Consumer Reports Reputation Damaged, However Do Child Car Seat Crash Test Speeds Need To Be Revised?
The sad factor in the retraction of the Consumer Reports car seat test data report is that the organization’s credibility has been seriously shaken. All reports from the organization should be reviewed cautiously; it will take some work for Consumer Reports to rebuild its credibility. Perhaps releasing how its studies were conducted and who by would be a step in the right direction.
However, even though these tests have affected Consumer Report’s reputation, if the tests were conducted at higher speeds than reported in the Consumer Reports, and many of the car seats did fail at those higher speeds. Should we be asking ourselves do you want to have your child sitting in a car seat that fails a 70 mph car seat test? I’d like to know the average speed of most accidents, if its over 35 mph, the speed at which most car seats are currently tested then maybe its time to revise the speed at which such tests are conducted.
Consumer Reports had the opportunity to conduct a debate in the community about the speed at which car seats should be crash tested. That debate might eventually lead to significant changes in the manufacturer and safety of child car seats. Instead we are all left wondering if the organization can be trusted.
Here are a few perspectives on the issue from blogs and consumers:
A blog for all asks,
" Two of the seats actually passed this flawed test. Does this mean that they can protect an infant successfully up to the speeds indicated in the flawed test? The Graco Snug Ride with EPS passed at the higher test speed of 70 mph. So even if they retest at the mandated level of 38.5 mph, would you get the seat that passed at 38.5 mph but failed at 70 mph or get the seat that still passed at 70 mph? He would go with the one that passed at the higher speed."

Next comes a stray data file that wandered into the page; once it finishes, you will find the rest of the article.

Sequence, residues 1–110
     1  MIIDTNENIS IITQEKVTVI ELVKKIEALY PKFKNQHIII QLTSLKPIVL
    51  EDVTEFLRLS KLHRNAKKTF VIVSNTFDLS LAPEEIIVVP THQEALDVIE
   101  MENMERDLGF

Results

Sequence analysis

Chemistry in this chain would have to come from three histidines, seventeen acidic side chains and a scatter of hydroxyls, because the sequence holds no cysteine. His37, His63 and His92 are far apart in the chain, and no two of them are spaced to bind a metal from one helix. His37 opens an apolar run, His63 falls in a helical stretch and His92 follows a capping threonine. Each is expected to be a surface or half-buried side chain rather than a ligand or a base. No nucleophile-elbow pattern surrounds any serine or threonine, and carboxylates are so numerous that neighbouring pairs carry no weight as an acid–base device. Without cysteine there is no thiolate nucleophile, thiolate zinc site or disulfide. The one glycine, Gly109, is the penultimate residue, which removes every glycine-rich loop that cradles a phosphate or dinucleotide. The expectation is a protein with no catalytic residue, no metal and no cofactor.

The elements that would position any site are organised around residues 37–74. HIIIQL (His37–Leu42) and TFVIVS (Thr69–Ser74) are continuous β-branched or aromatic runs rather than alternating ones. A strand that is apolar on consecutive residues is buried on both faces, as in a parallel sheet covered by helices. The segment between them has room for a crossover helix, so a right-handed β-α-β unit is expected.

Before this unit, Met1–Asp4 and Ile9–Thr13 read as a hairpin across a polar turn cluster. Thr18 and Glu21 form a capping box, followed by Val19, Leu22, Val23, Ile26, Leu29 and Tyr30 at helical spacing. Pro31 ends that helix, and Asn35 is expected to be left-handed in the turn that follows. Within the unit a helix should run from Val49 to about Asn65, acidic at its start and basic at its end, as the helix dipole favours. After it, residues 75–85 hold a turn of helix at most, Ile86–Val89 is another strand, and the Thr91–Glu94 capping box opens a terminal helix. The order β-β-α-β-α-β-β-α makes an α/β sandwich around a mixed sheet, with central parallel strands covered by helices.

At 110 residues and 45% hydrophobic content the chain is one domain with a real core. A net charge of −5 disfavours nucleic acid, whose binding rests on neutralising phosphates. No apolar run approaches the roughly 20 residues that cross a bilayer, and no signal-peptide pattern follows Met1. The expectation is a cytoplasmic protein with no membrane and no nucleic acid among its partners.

Mamma Knows Breaststates,
"If these seats were actually tested at 70 m.p.h, and they "failed disastrously," then maybe the seats really are dangerous. Honestly, don't most of us drive on highways from time to time? If so, we're not going 38 m.p.h., that's for sure.
In which case, maybe it's NHTSA which should come under a bit of scrutiny here. According to the New York Times, NHTSA only requires car seats to pass a test at 30 m.p.h.
The federal government requires that the seats protect babies in front impacts of 30 m.p.h. The highway traffic safety agency said it was trying to develop a side-impact standard. It rates cars under a New Car Assessment Program, which it uses to award “stars” to each model, and those are done at 38 m.p.h. for side impact.
So, while I'm disappointed in Consumer Reports, I do think there may just be a kernel worth hanging on to in their report. "
An MSNBC article, "Readers defend, deride Consumer Reports," focuses on two opinions one people are upset with Consumer Reports for bundling the release of their report, and two people are questioning whether 35 mph is fast enough for testing car seats.
MySpace user Fraidy Kat said,
"FINALLY!! SOMEONE tests our Products at ACTUAL CONDITIONS we MIGHT ACTUALLY encounter in REAL LIFE!
Face it, the 30-40 mph tests have been INADEQUATE since the freeways raised their speed limits from 55. It is quite normal in Arizona to encounter the average freeway traffic to be up near 80-90 mph, while inner citty traffic is often near 45-55 mph."
Orange County Personal Injury Lawyer worries about his Granddaughter,
"The implication I get from what NHTSA has to say about the Consumer Reports testing is that at 70+ miles per hour, most of the seats failed, not 38 miles per hour. Although the testing and reporting was flawed, we now know which seats held up best in a high-speed collision. I want my granddaughter in the seats that held up in the high speed testing. I cannot count on a negligent driver going 38 instead of 70 mph."
Freakonomics asks Consumer Reports to conduct better testing on adult seat belts for older kids.